The project is the first-ever international collaboration by a group of highly qualified researchers and physicians and their respective teams and institutions to find a functional cure for diabetes.
How many people have diabetes?
According to the U.S. Department of Health and Human Services, the American Diabetes Association and the Juvenile Diabetes Research Foundation International, 20.8 million people in the US (7% of the population) have diabetes. Worldwide, diabetes affects 197 million people, with Type 1 diabetes affecting 1.5 million. According to World Health Organization estimates, these numbers will more than double by 2030. In the United States, a new case of diabetes is diagnosed every 30 seconds; over 1.3 million people are diagnosed each year.
How many people donate their pancreases to be used for islet cell transplantation?
The most promising treatment for diabetes today is islet cell transplantation. With only a third of the 6,000 annual pancreatic organ donors being suitable for pancreas donation and up to three donors needed for each transplant, the ability to make this treatment available to individuals with diabetes is severely limited. This project seeks to develop an unlimited, artificial source of pancreatic islet cells to be used for thousands of transplants and strongly encourages individuals to become organ donors.
What will a functional cure for diabetes look like?
The goal of the Chicago Diabetes Project is to produce an unlimited source of cells suitable for safe transplantation, which are capable of controlling blood-sugar levels. These cells would be encapsulated to protect against the assaults of immune cells and allow the recipient to live with little or no dependency on medication needed to prevent rejection or the systemic immunosuppression of a transplant.
Why is it called the Chicago Diabetes Project?
The vision for this project began with seed funding and support from the Chicago-based Washington Square Health Foundation, and it became clear that the name of the city hosting this project could best identify it. Coordinated by Dr. Jose Oberholzer, director of cell transplantation at the University of Illinois at Chicago, and drawing on resources and talent from Chicago’s top universities and hospitals, as well as others from around the world, the project evolved into a worldwide consortium.
How does this project benefit Chicago?
Three of Chicago’s top hospitals will combine efforts and resources to serve as the clinical platform for islet cell transplantation and translational research for this project. The collaborative strategy for the Chicago Diabetes Project reflects the way the modern corporate world works in a global economy, using the best technologies and talent available to avoid duplicating efforts. Not only would these combined efforts directly improve and benefit Chicago’s healthcare community, but it would also bring a much needed biomedical and economic boost to the city.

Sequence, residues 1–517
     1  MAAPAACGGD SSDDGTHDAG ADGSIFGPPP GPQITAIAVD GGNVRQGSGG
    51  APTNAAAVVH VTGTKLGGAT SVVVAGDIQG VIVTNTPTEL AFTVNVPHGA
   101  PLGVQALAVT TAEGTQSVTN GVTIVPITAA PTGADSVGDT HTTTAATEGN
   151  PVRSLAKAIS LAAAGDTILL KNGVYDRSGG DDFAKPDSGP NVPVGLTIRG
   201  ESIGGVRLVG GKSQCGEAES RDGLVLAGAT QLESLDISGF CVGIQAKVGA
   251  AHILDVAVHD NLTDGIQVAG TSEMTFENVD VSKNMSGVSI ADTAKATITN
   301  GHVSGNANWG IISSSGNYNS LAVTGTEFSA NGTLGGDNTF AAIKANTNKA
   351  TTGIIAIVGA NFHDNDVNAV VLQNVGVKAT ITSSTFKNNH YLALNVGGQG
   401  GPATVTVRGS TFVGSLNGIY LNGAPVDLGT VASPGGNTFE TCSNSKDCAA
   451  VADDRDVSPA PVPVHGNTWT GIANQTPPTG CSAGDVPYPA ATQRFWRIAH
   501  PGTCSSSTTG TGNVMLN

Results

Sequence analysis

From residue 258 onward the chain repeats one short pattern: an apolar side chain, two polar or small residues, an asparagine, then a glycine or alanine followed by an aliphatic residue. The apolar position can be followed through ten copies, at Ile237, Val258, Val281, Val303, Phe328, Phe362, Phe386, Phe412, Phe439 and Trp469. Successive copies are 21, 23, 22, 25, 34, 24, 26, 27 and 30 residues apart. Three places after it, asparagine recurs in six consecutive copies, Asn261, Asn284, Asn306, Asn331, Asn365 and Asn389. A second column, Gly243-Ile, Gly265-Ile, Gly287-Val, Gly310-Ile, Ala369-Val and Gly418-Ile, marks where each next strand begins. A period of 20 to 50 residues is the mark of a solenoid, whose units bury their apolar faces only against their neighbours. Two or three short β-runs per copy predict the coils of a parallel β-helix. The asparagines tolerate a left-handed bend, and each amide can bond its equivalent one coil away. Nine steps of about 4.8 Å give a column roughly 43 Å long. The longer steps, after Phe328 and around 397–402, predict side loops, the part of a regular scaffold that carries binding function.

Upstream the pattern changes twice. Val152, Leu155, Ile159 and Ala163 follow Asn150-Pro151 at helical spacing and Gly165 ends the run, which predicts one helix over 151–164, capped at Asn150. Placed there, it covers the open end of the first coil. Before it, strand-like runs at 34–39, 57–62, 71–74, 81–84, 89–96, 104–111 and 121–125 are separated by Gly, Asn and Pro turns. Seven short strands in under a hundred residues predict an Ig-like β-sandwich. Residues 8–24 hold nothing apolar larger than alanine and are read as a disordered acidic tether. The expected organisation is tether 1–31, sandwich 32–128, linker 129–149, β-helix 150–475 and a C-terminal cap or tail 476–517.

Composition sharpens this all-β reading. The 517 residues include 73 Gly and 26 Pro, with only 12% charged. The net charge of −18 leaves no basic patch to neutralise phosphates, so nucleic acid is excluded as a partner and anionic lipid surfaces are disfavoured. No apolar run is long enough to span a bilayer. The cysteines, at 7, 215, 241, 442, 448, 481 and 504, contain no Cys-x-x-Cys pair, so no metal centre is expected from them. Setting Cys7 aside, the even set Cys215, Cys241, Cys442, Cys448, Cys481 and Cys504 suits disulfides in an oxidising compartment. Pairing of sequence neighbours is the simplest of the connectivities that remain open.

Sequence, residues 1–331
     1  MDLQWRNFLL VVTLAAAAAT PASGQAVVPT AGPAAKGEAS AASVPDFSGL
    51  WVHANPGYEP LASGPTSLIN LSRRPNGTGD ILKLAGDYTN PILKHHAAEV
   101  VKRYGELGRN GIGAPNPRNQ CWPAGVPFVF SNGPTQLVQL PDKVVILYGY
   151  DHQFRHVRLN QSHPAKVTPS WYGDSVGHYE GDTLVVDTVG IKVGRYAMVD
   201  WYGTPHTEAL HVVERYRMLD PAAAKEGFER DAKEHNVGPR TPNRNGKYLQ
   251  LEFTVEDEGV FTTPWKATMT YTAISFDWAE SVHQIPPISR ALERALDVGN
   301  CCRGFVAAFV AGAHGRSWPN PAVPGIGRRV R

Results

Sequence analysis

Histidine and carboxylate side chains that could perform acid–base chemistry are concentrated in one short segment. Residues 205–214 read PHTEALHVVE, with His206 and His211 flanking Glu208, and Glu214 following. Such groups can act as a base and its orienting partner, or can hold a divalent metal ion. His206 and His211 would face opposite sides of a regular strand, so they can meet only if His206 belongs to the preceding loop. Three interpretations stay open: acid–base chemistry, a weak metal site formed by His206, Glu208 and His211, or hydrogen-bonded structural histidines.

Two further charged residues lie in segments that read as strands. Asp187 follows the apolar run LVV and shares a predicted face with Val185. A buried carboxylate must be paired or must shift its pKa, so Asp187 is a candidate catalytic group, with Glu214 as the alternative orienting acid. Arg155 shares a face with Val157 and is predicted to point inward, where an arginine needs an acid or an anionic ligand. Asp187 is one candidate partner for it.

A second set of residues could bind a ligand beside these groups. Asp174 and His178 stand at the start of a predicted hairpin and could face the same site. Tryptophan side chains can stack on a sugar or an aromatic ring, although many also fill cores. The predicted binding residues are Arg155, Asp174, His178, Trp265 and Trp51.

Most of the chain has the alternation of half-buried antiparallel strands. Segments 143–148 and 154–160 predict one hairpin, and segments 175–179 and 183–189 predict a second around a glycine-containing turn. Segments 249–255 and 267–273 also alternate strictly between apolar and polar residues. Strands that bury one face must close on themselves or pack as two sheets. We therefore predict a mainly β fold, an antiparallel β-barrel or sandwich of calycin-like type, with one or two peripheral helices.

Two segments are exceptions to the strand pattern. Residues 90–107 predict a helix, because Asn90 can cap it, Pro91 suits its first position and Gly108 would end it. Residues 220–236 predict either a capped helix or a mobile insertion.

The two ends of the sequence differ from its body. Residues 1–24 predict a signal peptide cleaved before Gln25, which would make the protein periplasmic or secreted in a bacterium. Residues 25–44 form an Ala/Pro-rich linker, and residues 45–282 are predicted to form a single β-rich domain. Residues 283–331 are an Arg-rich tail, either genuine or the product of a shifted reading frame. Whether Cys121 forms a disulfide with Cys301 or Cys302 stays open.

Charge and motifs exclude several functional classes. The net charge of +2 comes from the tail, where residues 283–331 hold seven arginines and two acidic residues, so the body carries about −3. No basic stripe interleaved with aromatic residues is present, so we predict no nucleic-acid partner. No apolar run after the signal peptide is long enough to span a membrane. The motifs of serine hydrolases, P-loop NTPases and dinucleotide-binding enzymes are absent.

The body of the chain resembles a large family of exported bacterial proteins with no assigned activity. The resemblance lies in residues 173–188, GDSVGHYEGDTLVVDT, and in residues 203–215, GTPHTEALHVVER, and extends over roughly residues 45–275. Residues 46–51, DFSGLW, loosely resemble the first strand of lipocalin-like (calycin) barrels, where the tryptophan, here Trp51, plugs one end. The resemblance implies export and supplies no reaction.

How does the Chicago Diabetes Project differ from other approaches to research in diabetes?
The Chicago Diabetes Project is a paradigm shift in conducting research. The project’s collaborative approach to finding a cure applies already proven research findings to developing research, which is not funded or driven by traditional scientific funding sources. By integrating transplantation with developmental biology, chemistry, cell and molecular biology, and engineering, many obstacles are eliminated. This project differs greatly from basic research in that it focuses on one mission for the next five years. The goal of basic research may not be centered on a procedure or treatment which can be immediately applied to patient care, but rather on broadening knowledge.
How were the Chicago Diabetes Project’s team members chosen?
Team members were selected for their unique contribution to the overall project and for their ability to effectively manage their component’s specific subproject. These experts were hand-selected for their knowledge and experience, as well as for their vision and willingness to recognize that what one person cannot accomplish alone in their career can be achieved with a team approach.
Can this treatment be applied to all types of diabetes?
Today, this treatment is focused on type I rather than type II diabetes and is presently offered to those individuals who cannot control their blood sugar by current methods or cannot recognize when their blood sugar is low. With the availability of an unlimited cell source and avoidance of immunosupression, this treatment can be extended for most people with diabetes, which is the goal of the Chicago Diabetes Project.
How will the Chicago Project fund their efforts?
The Chicago Diabetes Project and its clinical platform, the Chicago Islet Consortium, seek generous contributions primarily from individuals, academic institutions, foundations, private businesses, and community organizations to support the scientific teams, purchase materials and conduct research.